Page:Scientific Memoirs, Vol. 1 (1837).djvu/15

From Wikisource
Jump to: navigation, search
This page has been proofread, but needs to be validated.

The method consists in observing the thermometer as in the preceding cases; that is, when the caloric rays fall upon it after having passed through the plate of glass. We thus obtain a complex measure of the effects produced by immediate transmission and by that conducting power of the layers to which we have given the name of successive propagation. If we know the value of either of these, we have that of the other. Now it is easy to determine the influence of the conducting power by repeating the experiment after having blackened with Indian ink that surface of the plate which is turned towards the calorific source. In this case, the immediate radiation being intercepted, it is clear that the elevation of the temperature at the other side must be attributed only to the conducting power of the layers. Should the elevation be now found less than it was at first, it will be a decisive proof of immediate transmission. And such was the fact in almost all the experiments of Delaroche; I say almost all, because it was found that the quantity of heat freely transmitted varied with the temperatures of the source. For temperatures lower than that of boiling water it was nothing, and when an Argand lamp[1] was employed, it was found to be more than half of the whole quantity.

No doubt can be raised as to the truth of this beautiful discovery of Delaroche; and yet the method which he has employed to measure the quantities of heat freely transmitted is by no means exact, especially in respect to high temperatures. In order to understand this seeming paradox two things are to be observed; 1st, the difference produced by change of surface between the two quantities of heat which penetrate the glass by reason of its conducting power; 2nd, the difference produced between those two quantities by the total or partial interception of the calorific rays.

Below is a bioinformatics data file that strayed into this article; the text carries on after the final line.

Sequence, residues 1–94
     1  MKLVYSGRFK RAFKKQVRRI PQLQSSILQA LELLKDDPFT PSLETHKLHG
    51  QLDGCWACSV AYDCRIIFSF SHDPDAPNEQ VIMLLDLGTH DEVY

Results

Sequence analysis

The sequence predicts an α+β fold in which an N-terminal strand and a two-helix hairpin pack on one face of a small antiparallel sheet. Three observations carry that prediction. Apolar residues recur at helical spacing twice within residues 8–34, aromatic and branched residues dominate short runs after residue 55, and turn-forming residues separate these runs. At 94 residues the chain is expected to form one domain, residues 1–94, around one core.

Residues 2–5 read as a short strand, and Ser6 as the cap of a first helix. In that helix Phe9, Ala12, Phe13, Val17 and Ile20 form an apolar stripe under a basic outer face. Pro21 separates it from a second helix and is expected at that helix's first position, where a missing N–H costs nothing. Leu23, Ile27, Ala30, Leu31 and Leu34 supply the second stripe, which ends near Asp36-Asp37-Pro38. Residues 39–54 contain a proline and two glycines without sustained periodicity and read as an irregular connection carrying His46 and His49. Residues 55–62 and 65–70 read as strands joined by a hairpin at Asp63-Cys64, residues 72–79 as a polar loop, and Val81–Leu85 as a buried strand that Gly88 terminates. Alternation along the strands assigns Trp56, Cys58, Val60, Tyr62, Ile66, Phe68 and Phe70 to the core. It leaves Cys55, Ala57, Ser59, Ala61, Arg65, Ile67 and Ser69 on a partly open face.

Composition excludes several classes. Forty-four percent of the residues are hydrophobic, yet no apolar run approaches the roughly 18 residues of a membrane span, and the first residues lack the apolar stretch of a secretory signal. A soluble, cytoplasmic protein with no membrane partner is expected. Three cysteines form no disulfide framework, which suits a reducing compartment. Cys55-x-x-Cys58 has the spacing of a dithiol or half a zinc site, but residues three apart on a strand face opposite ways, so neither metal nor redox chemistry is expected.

It is fully proved by the experiments of Leslie and others, that glass, when blackened with Indian ink, absorbs all the rays of heat, though, in its natural state, it reflects a certain number of them. The quantity of heat which penetrates the screen will therefore be greater in the former than in the latter case. However, as polished glass reflects but a very small portion of caloric rays, the error arising from a difference in the state of the surface will be reduced to a very inconsiderable quantity and may be safely disregarded. But the case is different when we examine the error produced by the total or partial interception of the caloric radiation. In some of the experiments of Delaroche one half, at least, of the incident rays immediately passed through the screen. Thus it was evident that it was the other only which was stopped at the first surface of the glass. The effect of conduction must therefore be limited to this latter half. But as the screen, when blackened, stops the whole radiation,

  1. Journal de Physique, &c., par Delametherie, 1812.—Delaroche, Observations sur le Calorique rayonnant.